A Scottish family recipe: The Clootie Dumpling! (21)

We ended up bringing this final product to the Captain's Bar in Edinburgh's Old Town, where I was playing accordion for a traditional Scottish folk singer that night. We shared with several people in the pub, and, needless to say, there were no leftovers.

I'm also getting all sentimental and longing for Scotland now. Time to go cut up an old pillowcase.

A Scottish family recipe: The Clootie Dumpling! (2024)


What does clootie mean in scottish? ›

A clootie is Scots for a rag or cloth. Clootie may refer to. Clootie dumpling, a spiced suet fruit pudding boiled in a cloth. Clootie well, a sacred well where strips of cloth are left for healing.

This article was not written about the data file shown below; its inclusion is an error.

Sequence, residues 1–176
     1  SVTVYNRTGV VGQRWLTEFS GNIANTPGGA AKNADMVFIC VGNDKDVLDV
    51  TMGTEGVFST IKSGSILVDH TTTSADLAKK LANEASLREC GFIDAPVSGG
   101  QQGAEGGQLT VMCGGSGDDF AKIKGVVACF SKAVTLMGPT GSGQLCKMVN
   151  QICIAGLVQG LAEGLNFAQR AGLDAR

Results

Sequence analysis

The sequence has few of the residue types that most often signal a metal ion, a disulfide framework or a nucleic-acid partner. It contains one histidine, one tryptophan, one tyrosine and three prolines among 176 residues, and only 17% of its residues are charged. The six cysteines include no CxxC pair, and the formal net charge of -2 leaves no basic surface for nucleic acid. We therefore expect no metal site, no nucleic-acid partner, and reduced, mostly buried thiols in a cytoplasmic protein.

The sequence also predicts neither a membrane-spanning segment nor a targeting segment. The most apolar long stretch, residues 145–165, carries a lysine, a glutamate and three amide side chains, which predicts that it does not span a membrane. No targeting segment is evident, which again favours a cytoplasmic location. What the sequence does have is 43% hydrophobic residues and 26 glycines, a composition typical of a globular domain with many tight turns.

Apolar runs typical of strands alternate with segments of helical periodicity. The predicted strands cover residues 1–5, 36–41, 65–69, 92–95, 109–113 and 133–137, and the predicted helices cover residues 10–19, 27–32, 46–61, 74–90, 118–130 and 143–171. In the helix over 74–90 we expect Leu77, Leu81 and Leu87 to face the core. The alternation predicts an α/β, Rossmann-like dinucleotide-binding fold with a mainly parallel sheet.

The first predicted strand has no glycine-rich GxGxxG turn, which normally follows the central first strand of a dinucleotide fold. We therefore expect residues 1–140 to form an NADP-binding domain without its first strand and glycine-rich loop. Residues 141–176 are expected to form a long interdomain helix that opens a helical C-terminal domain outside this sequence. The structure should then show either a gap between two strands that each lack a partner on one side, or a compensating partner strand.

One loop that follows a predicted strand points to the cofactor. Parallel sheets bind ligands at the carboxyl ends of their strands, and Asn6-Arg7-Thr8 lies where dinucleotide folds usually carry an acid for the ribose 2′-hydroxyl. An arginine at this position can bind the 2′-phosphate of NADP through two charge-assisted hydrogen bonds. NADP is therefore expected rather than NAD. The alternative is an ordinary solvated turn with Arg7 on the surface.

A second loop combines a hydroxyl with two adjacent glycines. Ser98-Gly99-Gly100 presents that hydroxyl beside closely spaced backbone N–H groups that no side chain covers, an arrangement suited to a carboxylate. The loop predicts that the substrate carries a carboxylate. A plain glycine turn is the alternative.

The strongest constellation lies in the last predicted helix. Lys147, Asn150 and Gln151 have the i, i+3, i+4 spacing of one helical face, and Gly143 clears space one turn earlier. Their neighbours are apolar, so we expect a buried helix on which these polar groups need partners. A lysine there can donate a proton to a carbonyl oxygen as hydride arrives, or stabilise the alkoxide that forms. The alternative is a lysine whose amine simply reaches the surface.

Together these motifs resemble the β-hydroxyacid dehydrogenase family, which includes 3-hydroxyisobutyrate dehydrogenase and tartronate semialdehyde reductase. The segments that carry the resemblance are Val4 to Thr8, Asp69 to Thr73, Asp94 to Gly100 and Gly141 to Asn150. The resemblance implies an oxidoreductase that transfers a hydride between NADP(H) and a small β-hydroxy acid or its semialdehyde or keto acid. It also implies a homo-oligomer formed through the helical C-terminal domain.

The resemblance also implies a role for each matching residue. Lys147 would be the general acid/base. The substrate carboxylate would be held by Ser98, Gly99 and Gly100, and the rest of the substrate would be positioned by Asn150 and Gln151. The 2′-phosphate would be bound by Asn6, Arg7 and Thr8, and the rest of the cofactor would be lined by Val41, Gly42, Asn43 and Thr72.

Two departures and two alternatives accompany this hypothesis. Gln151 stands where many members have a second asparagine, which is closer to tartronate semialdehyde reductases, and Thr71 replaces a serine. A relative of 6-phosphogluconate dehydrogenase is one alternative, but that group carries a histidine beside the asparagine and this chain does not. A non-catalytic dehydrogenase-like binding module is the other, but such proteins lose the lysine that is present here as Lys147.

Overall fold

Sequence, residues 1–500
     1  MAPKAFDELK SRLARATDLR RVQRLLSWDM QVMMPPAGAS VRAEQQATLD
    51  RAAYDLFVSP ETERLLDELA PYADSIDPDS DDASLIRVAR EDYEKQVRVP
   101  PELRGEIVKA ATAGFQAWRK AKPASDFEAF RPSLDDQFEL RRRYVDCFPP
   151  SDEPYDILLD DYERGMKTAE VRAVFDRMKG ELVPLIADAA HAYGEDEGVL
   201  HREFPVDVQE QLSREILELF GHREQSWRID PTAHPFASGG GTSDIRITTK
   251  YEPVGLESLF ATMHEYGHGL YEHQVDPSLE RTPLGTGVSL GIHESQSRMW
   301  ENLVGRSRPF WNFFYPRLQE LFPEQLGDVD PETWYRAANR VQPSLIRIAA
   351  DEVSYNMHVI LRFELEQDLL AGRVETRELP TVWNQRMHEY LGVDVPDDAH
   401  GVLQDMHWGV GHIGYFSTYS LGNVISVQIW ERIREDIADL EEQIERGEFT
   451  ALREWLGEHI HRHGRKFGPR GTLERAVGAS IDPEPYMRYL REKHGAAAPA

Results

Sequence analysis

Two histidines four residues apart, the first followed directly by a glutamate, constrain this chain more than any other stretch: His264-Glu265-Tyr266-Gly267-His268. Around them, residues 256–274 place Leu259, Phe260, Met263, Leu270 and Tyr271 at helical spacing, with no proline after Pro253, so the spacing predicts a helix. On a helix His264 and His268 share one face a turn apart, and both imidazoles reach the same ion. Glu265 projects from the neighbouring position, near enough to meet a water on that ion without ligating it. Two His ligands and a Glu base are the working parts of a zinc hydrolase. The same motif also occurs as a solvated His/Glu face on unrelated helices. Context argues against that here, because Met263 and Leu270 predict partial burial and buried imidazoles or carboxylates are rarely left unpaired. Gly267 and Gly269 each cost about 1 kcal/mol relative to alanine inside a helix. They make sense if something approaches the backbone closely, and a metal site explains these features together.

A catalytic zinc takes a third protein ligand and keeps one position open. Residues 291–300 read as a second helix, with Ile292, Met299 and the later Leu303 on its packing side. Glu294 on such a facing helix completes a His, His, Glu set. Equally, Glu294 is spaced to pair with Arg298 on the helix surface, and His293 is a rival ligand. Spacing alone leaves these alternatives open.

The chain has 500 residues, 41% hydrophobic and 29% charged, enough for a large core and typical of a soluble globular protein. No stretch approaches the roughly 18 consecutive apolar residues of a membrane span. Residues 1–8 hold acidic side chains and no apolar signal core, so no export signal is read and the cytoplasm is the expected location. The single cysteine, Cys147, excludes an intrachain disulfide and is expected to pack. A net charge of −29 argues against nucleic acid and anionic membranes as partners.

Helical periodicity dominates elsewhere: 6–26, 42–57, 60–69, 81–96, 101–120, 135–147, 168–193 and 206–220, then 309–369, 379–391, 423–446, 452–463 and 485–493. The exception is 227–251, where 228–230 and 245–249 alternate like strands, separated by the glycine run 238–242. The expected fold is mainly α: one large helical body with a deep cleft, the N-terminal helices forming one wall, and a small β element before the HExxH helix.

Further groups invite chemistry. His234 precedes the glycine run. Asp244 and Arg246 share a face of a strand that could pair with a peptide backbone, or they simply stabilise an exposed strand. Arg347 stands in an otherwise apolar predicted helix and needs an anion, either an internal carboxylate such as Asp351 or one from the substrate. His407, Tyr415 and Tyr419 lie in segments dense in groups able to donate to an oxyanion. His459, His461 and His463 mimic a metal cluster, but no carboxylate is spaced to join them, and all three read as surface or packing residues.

What's the difference between Christmas pudding and clootie dumpling? ›

How is it different from a Christmas pudding? If you look back far enough you will find the origins of a clootie dumpling are really just a plum, or Christmas, pudding. Clootie dumpling, however, is plainer, not as rich and has a lighter texture.

What is another name for clootie dumpling? ›

Since its recipe calls for boiling a traditional pudding in a bag, the clootie dumpling has been called the sweet version Scotland's other famed dish: haggis, which replaces the sweet cake and cloth sack with savory offal and an animal's stomach.

How do you eat a clootie dumpling? ›

Clootie Dumplings were traditionally served hot with custard, with any leftovers fried in butter and served with bacon for breakfast the next day.

What is a dumpling in Scottish slang? ›

An idiot (Ags., Fif., Edb., Arg., Ayr., Rxb. 2000s).

What are the charms for the clootie dumpling? ›